The ocean is vast, and deep, and dark, and inhospitable to us feeble land-dwelling creatures. There’s much that remains unknown or poorly understood in its roiling, seething belly.
Technology is changing that.
For over a century, mariners have reported an eerily beautiful phenomenon they called the “milky sea” – enormous patches of glowing water that sometimes persist for several nights in a row. It wasn’t until 2005 that this phenomenon was finally confirmed – in the form of photographs taken from a satellite in low-Earth orbit.
Now scientists have used nearly a decade’s worth of satellite data to reveal the phenomenon in detail. Although much remains to be discovered, we’ve made some important steps towards understanding the largest known form of bioluminescence on Earth.
In his 1872 novel Twenty Thousand Leagues Under the Seas, Jules Verne wrote “It is called a milk sea .. a large extent of white wavelets often to be seen on the coasts of Amboyna .. the whiteness which surprises you is caused only by the presence of myriads of infusoria, a sort of luminous little worm”.
The worm was conjecture on Verne’s part, but milky seas are otherwise real. Patches of this phenomenon can be larger than 100,000 square kilometers (around 39,000 square miles), and have been reported a great deal in the last century or so: 235 sightings were cataloged between 1915 and 1993, which suggests an occurrence rate of at least thrice per year.
However, only once has a research vessel managed to sail through one, in 1985 in the Arabian Sea.
The water they collected contained, among other organisms, a bioluminescent marine bacterium called Vibrio harveyi; the researchers aboard the vessel concluded this was likely the source of the glow, but some features remained unexplained. In addition, their conclusions are yet to be verified.
The problems with verification are several. Milky seas occur in remote locations, primarily; and they are unpredictable, which means getting a research vessel in position prior to the appearance of one is nigh impossible. Now, using satellite imaging, a team of scientists led by marine biologist Steven Miller of Colorado State University hopes to fill in the gaps.
The NOAA’s Suomi NPP and NOAA-20 are two weather satellites equipped with a variety of sensors, including an instrument called the Day/Night Band. This sensor is designed to capture low-light emission sources, under a variety of illumination conditions.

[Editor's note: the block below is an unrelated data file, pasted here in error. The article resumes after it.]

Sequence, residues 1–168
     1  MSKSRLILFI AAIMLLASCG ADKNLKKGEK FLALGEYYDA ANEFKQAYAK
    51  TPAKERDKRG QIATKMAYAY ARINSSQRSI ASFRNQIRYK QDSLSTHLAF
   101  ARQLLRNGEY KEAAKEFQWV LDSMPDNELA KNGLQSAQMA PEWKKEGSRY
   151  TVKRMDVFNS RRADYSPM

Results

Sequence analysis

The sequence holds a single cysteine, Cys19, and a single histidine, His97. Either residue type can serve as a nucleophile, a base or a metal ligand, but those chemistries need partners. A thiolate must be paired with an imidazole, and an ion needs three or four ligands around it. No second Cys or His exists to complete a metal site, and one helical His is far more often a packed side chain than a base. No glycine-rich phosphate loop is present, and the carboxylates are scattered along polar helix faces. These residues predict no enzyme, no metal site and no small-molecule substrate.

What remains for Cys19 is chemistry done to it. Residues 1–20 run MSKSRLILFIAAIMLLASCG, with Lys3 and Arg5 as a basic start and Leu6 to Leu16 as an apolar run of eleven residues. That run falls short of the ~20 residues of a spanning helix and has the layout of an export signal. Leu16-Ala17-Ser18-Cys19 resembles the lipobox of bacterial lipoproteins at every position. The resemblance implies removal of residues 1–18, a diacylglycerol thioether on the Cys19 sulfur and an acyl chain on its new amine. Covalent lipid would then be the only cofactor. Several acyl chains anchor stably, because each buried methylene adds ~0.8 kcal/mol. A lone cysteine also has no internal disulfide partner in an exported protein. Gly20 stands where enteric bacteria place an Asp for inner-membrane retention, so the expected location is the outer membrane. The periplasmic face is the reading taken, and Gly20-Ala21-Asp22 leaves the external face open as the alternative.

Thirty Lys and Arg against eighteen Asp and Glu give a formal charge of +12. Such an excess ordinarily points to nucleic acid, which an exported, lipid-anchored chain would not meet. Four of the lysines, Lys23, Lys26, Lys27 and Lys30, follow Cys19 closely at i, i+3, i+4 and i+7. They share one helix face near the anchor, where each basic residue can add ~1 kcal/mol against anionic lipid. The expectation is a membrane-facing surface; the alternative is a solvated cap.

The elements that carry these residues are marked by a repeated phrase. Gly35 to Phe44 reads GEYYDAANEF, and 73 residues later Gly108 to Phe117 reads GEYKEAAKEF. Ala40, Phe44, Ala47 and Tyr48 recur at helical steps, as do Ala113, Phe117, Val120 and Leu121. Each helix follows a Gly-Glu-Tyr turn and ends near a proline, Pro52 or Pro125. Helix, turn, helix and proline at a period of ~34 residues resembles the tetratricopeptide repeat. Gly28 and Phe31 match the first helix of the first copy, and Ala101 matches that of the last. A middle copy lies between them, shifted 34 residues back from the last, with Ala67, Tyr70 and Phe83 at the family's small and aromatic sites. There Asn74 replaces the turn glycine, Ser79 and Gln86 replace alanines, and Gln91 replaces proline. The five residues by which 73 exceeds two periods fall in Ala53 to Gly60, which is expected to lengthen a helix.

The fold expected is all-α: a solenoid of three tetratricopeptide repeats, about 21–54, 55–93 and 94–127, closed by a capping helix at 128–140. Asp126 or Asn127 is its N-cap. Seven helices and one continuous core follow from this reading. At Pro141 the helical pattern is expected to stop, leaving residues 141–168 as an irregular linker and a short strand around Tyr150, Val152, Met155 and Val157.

This means it’s uniquely able to see faintly glowing patches of sea that other instruments might not. Sure enough, when Miller and his colleagues examined the Day/Night Band data for three commonly reported milky sea locations between 2012 and 2021, they found 12 instances of the phenomenon.
The Day/Night Band continues to amaze me with its ability to reveal light features of the night,” Miller said. “Like Captain Ahab of Moby-Dick, the pursuit of these bioluminescent milky seas has been my personal ‘white whale’ of sorts for many years.”
The glow has long been known to be a strange one. Unlike bioluminescent algae, which discharge flashes of light in a warning signal in response to being disturbed and often appear in tumbling waves and turbulent ship wakes, milky seas glow wide and steady. We don’t know how they form, or why, or how the glow is composed and structured.
The team’s data revealed that milky seas seem to resonate with the monsoons in the northwest Indian Ocean, which produces cool upwellings of nutrient-rich water, but no such monsoonal association was apparent in the Maritime Continent region.
This means that some other process could be providing nutrient upwellings when the milky seas appear there.
They also found that the bioluminescence remained stable and steady in choppy waters, which would not occur if the glow was confined to a surface slick. This suggests a well-mixed layer of water that contains the glowing organisms.
Physically sampling milky seas will, of course, help solve the mystery once and for all. The team hopes that their satellite data will show us the way to find them more easily.
“Milky seas are simply marvelous expressions of our biosphere whose significance in nature we have not yet fathomed,” Miller said.
“Their very being spins an unlikely and compelling tale that ties the surface to the skies, the microscopic to the global scales, and the human experience and technology across the ages; from merchant ships of the 18th century to spaceships of the modern day. The Day/Night Band has lit yet another pathway to scientific discovery.”
The research has been published in Scientific Reports.